That the latest purported fraternal romp from Vince Vaughn centers around the grueling, monotonous world of the prototypical sales representative would seem to suggest the well finally running dry. But let’s at least give credit where credit’s due. The bait-and-switch act that virtually all of Vaughn’s films have pulled over the last dozen years since the release of Old School and Dodgeball comprise an impressive quantity of minute variations on a theme that shouldn’t work. And usually don’t. Most definitely not this time. And one of the reasons for that may be that Unfinished Business stretches the basic premise unifying the Vaughn canon too far afield.
In the film, Vaughn plays Dan Trunkman, a mid-level white-collar businessman who fancies himself a David Mamet warrior, fears he’s aging into a Willy Loman, and thus reacts to the news of an impending pay cut with the self-righteousness of Jerry Maguire taking his goldfish with him along with his pink slip. Vowing to beat his old boss (Sienna Miller) at her own game, he recruits two associates from his former office to join him in creating a competing startup. Neither of the two—the defeated and well-past-retirement-age Timothy McWinters (Tom Wilkinson) and the keen but dim Mike Pancake (Dave Franco)—are exactly sharks. One year later, and Dan still has them on his team, all three still limping toward their first big deal handshake, a quest that takes them to Berlin.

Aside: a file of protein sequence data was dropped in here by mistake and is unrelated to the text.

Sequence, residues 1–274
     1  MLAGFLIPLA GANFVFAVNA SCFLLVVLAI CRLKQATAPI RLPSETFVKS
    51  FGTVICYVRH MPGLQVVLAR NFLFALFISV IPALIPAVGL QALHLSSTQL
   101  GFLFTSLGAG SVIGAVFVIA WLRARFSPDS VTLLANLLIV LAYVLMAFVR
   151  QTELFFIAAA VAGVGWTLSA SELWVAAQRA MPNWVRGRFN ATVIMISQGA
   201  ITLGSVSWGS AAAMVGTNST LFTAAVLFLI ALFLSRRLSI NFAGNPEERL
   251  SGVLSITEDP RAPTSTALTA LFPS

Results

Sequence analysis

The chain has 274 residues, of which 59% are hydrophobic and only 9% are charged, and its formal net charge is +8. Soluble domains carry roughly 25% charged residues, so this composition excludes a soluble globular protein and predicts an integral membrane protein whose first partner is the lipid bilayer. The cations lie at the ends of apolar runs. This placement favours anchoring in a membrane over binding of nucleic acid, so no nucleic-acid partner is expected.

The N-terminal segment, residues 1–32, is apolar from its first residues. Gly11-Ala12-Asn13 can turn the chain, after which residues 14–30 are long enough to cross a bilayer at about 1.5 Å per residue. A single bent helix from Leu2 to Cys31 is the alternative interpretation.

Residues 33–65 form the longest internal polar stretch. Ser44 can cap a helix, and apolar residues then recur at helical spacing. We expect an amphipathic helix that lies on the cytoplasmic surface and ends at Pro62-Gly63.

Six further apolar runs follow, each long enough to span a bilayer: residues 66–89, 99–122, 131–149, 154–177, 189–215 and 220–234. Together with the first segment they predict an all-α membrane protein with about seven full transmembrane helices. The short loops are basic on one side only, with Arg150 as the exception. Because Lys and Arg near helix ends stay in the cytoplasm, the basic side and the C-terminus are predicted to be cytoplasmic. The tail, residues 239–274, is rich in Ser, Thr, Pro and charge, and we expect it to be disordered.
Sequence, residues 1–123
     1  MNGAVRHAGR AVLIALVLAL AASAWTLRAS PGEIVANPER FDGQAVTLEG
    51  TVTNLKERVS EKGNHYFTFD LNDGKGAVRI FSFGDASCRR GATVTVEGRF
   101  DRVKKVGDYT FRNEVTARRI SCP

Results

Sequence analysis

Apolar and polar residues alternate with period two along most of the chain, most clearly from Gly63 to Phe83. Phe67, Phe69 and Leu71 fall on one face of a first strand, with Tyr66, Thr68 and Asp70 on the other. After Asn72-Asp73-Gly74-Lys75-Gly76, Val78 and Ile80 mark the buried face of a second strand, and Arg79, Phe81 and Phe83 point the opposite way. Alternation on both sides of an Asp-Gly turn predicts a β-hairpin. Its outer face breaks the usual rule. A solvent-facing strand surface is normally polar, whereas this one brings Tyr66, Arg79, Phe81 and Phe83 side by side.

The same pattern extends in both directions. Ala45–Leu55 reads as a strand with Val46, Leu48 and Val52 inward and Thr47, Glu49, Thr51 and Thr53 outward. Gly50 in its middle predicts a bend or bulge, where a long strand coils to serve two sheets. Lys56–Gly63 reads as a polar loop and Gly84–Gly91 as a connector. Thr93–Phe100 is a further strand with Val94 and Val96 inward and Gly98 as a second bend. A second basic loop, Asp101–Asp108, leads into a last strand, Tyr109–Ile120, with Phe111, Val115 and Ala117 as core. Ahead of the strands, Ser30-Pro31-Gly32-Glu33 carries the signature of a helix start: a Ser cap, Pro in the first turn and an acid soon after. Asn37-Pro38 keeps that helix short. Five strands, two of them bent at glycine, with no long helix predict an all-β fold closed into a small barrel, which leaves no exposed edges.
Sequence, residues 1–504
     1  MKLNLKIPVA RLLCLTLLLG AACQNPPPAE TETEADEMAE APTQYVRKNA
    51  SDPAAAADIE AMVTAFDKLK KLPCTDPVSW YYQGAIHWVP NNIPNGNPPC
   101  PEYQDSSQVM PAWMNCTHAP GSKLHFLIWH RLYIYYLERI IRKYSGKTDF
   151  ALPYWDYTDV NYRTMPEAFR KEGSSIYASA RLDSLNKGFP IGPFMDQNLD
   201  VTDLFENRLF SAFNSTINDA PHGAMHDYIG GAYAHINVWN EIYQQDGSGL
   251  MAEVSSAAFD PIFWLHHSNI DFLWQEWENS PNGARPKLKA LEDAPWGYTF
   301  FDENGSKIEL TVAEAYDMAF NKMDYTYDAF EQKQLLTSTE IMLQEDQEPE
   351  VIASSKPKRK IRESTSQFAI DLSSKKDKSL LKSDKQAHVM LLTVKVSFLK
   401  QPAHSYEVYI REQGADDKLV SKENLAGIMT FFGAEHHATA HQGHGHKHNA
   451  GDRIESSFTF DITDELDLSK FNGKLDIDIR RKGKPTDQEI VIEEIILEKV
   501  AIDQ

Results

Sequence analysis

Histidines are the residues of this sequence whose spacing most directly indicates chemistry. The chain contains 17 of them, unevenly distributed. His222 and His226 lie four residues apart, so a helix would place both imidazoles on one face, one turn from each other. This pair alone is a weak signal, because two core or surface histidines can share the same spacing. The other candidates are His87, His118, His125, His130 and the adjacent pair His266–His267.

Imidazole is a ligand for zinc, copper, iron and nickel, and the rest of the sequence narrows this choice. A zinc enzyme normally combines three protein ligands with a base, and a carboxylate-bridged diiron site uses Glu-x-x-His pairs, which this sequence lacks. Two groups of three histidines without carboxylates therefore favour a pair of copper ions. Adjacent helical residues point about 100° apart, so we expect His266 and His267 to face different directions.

In virtually no other Vaughn film would his character begin his journey in this default position of nurturer. The whole point of his cinematic existence, the entire reason people continue to go to his films despite the fact that it became quite clear eight films ago that they would always be as formulaic and programmed as Girl Scout cookies, is that Vaughn is a paragon for reformed chauvinism. He’s an irrepressible but highly tamable id. Not so here. Dan not only retains his two sparkle-free employees long after any reasonable professional would have cut them loose, but also bends over backward to be a reasonable, selfless father to his sensitive children. (The movie practically turns into one big “It Gets Better” bullying PSA whenever dealing Vaughn’s big-boned son.) Without the promise of character reform, there’s no comedic tension underlining Dan and company’s desperate trip to Berlin, and there’s nothing at stake over their wheelbarrow-sexing, gloryhole-stumbling, giant hamster ball-rolling antics.